Passengers will be able to book a test from a provider on a GOV.UK list before arriving in England. If they choose to book a test, they will need to state this on their passenger locator form prior to arriving and then go straight into self-isolation at home as usual. If they choose to opt in after arrival, they will need to resubmit their passenger locator form.
They can then take a test on or after day 5 of the isolation period either at home or at a private provider’s testing site, and on receipt of a negative result, can immediately finish self-isolating and return to following domestic rules.
Note, that you cannot use NHS Test and Trace services or use NHS testing capacity.
Those choosing not to take a test when arriving from a non-exempt country must continue to follow the current self-isolation requirements (currently two weeks).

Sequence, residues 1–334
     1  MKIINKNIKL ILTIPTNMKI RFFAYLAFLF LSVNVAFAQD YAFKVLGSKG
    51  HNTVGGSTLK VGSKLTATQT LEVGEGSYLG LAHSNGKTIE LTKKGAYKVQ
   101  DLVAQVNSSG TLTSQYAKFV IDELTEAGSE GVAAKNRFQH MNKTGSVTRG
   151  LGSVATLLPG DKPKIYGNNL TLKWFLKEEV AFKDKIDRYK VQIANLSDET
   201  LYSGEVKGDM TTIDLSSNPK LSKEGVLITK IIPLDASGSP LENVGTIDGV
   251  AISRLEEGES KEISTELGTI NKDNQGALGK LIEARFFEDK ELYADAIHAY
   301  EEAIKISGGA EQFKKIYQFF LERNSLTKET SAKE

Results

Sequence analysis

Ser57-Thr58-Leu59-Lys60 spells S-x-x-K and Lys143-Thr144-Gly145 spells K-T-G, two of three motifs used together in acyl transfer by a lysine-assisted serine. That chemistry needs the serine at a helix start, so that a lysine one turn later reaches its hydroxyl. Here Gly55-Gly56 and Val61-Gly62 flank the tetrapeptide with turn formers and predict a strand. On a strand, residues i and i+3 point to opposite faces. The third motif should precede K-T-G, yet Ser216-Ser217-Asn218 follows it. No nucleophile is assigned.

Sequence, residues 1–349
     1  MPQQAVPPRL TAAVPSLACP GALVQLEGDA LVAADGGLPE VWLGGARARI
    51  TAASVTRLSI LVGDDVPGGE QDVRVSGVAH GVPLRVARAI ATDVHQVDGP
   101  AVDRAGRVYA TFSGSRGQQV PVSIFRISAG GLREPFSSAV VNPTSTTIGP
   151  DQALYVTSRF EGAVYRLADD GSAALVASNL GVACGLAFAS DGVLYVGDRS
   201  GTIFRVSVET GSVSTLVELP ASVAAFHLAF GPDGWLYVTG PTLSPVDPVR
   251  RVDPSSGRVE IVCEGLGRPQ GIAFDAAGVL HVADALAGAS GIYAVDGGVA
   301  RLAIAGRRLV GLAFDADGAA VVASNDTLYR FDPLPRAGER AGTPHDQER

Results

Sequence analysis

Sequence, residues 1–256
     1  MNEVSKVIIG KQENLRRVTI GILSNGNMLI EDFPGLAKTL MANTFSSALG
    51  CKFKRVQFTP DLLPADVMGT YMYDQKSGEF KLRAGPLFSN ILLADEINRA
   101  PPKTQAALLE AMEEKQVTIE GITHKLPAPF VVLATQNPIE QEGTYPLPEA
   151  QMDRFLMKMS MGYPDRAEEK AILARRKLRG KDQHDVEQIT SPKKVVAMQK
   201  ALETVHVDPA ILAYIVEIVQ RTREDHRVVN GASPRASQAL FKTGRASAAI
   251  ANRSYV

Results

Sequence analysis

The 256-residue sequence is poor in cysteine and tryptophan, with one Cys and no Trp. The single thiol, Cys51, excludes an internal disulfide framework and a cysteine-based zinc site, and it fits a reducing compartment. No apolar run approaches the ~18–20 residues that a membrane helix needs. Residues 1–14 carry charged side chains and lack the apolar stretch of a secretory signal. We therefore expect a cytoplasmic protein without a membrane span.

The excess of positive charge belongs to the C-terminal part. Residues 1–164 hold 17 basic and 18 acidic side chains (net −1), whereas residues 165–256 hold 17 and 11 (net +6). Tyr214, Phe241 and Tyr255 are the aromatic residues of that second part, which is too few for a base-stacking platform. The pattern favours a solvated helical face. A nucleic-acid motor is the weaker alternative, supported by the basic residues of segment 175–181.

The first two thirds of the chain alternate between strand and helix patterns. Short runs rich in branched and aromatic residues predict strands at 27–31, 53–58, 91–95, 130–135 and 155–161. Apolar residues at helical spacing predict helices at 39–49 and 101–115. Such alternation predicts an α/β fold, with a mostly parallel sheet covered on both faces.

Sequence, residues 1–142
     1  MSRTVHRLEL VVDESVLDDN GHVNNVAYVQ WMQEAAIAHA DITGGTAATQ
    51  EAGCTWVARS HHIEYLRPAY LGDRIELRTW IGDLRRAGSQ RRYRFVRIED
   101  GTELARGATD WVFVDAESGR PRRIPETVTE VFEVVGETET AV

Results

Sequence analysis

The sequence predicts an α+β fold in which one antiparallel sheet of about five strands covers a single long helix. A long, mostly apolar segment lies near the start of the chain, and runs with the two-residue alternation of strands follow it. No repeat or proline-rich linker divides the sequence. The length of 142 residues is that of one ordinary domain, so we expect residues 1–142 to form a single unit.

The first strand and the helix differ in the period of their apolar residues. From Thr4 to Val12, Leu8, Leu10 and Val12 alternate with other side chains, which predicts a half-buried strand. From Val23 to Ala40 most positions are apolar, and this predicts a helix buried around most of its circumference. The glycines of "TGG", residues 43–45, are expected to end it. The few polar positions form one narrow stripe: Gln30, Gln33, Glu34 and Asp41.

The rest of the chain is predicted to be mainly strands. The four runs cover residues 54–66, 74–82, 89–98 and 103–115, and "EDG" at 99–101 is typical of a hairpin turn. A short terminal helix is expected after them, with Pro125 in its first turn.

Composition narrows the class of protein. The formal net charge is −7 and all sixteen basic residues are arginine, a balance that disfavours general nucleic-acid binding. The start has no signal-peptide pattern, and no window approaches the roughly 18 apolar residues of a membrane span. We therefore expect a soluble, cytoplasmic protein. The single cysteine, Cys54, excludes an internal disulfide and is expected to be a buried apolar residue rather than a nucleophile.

Transport Secretary, Grant Shapps, said:
We have a plan in place to ensure that our route out of this pandemic is careful and balanced, allowing us to focus on what we can now do to bolster international travel while keeping the public safe.
Our new testing strategy will allow us to travel more freely, see loved ones and drive international business. By giving people the choice to test on day 5, we are also supporting the travel industry as it continues to rebuild out of the pandemic.
The Chancellor of the Exchequer, Rishi Sunak, said:
The aviation industry is vital to our economy – creating jobs and driving growth- which is why we have supported them throughout this crisis through the job retention scheme, loans and tax deferrals.